Having a primary entity collecting and distributing money transparently can simplify things for people going through the unthinkable.

“You don’t understand where you’re at,” Teves said. “You’re just trying to literally figure out how you are going to stand up and keep breathing.”

Erika and Leonardo Galvis, whose parents were badly injured in the marathon bombings, said they didn’t think to set up a campaign on GiveForward until days after the bombings, and then only after their parents had been through surgeries that pointed to a long recovery with large and uncertain costs.

It’s not easy to think in such practical terms amid the shock and disbelief over what happened, Erika said.

“It’s very hard to focus on the fund,” she said. “But we have to do it.”

1
Text Only
Breaking News
  • High court nixes $3.4M award to child porn victim

    The Supreme Court on Wednesday rejected a plea to make it easier for victims of child pornography to collect money from people who view their images online, throwing out a nearly $3.4 million judgment in favor of a woman whose childhood rape has been widely seen on the Internet. Two dissenting justices said Congress should change the law to benefit victims.

    April 24, 2014

  • Son eulogizes slain officer mother as 'amazing'

    An Indianapolis police officer slain by her ex-husband, a fellow officer who then killed himself, was eulogized by her son as the "most amazing person" at her funeral Wednesday.

    April 24, 2014

  • NWS - HB0424 - Rebecca Sperry - JC 1 Survivors of violent accident, mother and baby return home from hospital The past two and a half weeks of Rebecca Sperry's life have been a harrowing series of ups and downs.

    April 23, 2014 2 Photos

  • Reservoir opponents take message to Earth Day

    Opponents of a proposed reservoir in central Indiana hope to use this weekend's Earth Day festivals to spread the word about their concerns about the $350 million dam project, which would inundate part of a state park known for its ancient earthworks.

    April 23, 2014

  • Smoke leads to crash on Indiana 13 A girl was hit by a motorcycle, but not seriously injured, after smoke from a controlled burn limited visibility on Indiana 13 Wednesday afternoon.

    April 23, 2014

  • First lady announces one-stop job site for vets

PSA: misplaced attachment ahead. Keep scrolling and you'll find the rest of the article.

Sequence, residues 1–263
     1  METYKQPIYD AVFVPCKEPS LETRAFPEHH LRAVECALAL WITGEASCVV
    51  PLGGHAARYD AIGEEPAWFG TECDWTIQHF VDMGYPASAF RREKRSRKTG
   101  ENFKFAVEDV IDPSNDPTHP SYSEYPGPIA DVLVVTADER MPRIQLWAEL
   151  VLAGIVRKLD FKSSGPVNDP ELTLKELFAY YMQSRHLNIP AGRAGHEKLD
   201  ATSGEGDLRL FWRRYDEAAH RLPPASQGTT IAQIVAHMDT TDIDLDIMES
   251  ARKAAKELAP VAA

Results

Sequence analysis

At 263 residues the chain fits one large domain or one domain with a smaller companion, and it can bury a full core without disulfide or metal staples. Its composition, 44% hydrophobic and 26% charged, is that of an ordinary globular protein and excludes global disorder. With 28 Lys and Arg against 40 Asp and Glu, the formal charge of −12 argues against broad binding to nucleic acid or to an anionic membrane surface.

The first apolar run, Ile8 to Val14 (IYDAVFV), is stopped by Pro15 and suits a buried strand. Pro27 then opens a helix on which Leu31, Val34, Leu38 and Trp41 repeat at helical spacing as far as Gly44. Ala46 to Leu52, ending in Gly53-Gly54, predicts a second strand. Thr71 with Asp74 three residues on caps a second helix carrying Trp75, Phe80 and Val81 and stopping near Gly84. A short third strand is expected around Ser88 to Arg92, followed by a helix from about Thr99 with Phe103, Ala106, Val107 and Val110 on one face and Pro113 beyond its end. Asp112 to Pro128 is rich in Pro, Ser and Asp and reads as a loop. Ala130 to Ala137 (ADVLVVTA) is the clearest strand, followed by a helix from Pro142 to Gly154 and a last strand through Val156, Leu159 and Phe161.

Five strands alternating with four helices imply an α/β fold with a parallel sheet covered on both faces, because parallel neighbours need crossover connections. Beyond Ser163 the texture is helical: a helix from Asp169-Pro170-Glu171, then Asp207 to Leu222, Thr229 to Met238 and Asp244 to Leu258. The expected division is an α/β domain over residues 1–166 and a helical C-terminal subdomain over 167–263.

To help veterans leaving the military as it downsizes, the government on Wednesday started a one-stop job-shopping website for them to create resumes, connect with employers and become part of a database for companies to mine.

    April 23, 2014

  • US weighs clemency for inmates jailed for 10 years

    The Obama administration is encouraging many nonviolent federal prisoners to apply for early release — and expecting thousands to take up the offer. It's an effort to deal with high costs and overcrowding in prisons, and also a matter of fairness, the government says.

    April 23, 2014

  • Michigan man among 1st in US to get 'bionic eye'

    Thanks to a high-tech procedure that involved the surgical implantation of a "bionic eye," Roger Pontz has regained enough of his eyesight to catch small glimpses of his wife, grandson and cat.

    April 23, 2014

  • Airport security vulnerabilities not uncommon

    For all the tens of billions of dollars that the nation has spent on screening passengers and their bags, few airports made a comparable investment to secure the airplanes themselves.

    April 23, 2014

  • Missouri executes inmate for 1993 farm slaying

    Missouri executed an inmate early Wednesday only a few miles from the farm where prosecutors say he orchestrated the 1993 killing of a couple whose cows he wanted to steal.

    April 23, 2014

Featured Ads
More Resources from The Herald Bulletin
AP Video
SKorea Ferry Toll Hits 156, Search Gets Tougher Video Shows Possible Syrian Gas Attack Cubs Superfans Celebrate Wrigley's 100th Raw: Cattle Truck Overturns in Texas Admirers Flock to Dole During Kansas Homecoming Raw: Erupting Volcanoes in Guatemala and Peru Alibaba IPO Could Be Largest Ever for Tech Firm FBI Joining Probe of Suburban NY 'Swatting' Call U.S. Paratroopers in Poland, Amid Ukraine Crisis US Reviews Clemency for Certain Inmates Raw: Violence Erupts in Rio Near Olympic Venue Raw: Deadly Bombing in Egypt Raw: What's Inside a Commercial Jet Wheel Well Raw: Obama Arrives in Japan for State Visit Raw: Anti-Obama Activists Fight Manila Police Motels Near Disney Fighting Homeless Problem Michigan Man Sees Thanks to 'bionic Eye' S.C. Man Apologizes for Naked Walk in Wal-Mart Chief Mate: Crew Told to Escape After Passengers
Parade
Magazine

Click HERE to read all your Parade favorites including Hollywood Wire, Celebrity interviews and photo galleries, Food recipes and cooking tips, Games and lots more.
Hyperlocal Search
Premier Guide
Find a business

Walking Fingers
Maps, Menus, Store hours, Coupons, and more...
Premier Guide
Helium debate
Helium
Front page
Poll

Will you vote in the primary election on May 6?

Yes, on May 6
Yes, will vote early
No
     View Results